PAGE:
Treasury’s notion of quality of life dismissed by older people’s charities

The Treasury’s service targets are too narrow to improve overall
quality of life for vulnerable older people, leading charities have

Linked to billions of pounds of investment, the set of public
service agreements the Treasury announced last week include targets
to “improve the quality of life and independence of vulnerable
older people by supporting them to live in their own homes where

The targets stipulate that the number supported at home should
increase by 1 per cent annually in 2007 and 2008, while those
receiving intensive support at home should increase to 34 per cent
of those being supported at home or in residence.

Jim Donovan, spokesperson for older person’s charity WRVS (formerly
Women’s Royal Voluntary Service), said supporting older people at
home should be just one of several factors contributing to quality
of life.

“The only definition of improved quality of life is that they are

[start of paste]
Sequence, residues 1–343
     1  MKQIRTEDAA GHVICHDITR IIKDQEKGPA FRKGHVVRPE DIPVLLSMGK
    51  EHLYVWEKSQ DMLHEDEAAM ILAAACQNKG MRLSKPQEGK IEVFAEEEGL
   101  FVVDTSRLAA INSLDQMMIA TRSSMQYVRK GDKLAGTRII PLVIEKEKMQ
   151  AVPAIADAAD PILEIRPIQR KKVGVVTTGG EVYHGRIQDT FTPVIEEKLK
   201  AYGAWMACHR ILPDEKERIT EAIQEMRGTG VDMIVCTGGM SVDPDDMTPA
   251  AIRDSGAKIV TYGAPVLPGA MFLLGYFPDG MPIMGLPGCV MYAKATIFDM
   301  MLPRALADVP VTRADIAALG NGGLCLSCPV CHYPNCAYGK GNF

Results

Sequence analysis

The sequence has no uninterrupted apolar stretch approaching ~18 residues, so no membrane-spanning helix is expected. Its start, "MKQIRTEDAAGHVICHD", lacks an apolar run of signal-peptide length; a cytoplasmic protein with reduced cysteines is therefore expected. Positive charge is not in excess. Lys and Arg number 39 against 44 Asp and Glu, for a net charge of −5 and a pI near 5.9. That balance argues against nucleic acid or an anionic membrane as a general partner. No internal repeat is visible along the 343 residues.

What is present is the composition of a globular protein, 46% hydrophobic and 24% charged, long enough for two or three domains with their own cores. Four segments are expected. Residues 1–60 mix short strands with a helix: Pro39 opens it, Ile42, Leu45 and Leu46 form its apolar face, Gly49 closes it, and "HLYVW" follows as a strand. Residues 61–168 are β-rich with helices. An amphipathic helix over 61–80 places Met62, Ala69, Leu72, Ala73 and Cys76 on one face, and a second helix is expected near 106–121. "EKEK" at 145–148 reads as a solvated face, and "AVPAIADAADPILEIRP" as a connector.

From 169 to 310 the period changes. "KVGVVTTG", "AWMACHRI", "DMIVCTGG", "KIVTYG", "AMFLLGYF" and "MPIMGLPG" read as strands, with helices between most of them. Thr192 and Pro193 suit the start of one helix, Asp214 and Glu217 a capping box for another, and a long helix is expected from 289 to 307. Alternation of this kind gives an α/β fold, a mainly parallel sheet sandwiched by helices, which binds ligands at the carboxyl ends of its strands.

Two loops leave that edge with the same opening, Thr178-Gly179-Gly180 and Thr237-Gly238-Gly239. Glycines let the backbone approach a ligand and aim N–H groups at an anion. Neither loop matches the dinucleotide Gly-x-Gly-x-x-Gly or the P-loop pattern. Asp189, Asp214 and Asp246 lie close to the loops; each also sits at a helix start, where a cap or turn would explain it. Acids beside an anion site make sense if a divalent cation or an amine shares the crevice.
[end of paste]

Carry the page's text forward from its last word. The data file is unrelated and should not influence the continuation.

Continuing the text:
able to live at home. Older people can have a dire existence at
home if they are immobile, remote from family or have no human
contact. Quality of life is a totally laudable objective but if you
speak to older people about what that means it includes meeting
people and doing things that add to their experience.”

Donovan said there was a danger that councils would not focus on
the quality of home support for older people, instead concentrating
on the number able to live at home to meet the target. “If we’re
talking about high quality support for community transport schemes,
shopping schemes and neighbour schemes, then that’s great, but the
only thing that is measured is this 1 per cent more living at

Mervyn Kohler, head of public affairs with Help the Aged, agreed.
“Those targets do not refer to the real objectives of
rehabilitation, enabling people to live successful lives. The PSA
programme should be a good tool to improve services, but if
something is not in the target it can be neglected,” he said.

Also, there is a new PSA for extending child and adolescent mental
health services to all 16 and 17 year olds.

Councils that achieve all 12 PSA targets can earn up to an extra
2.5 per cent of their net budget. 

More from Community Care

Comments are closed.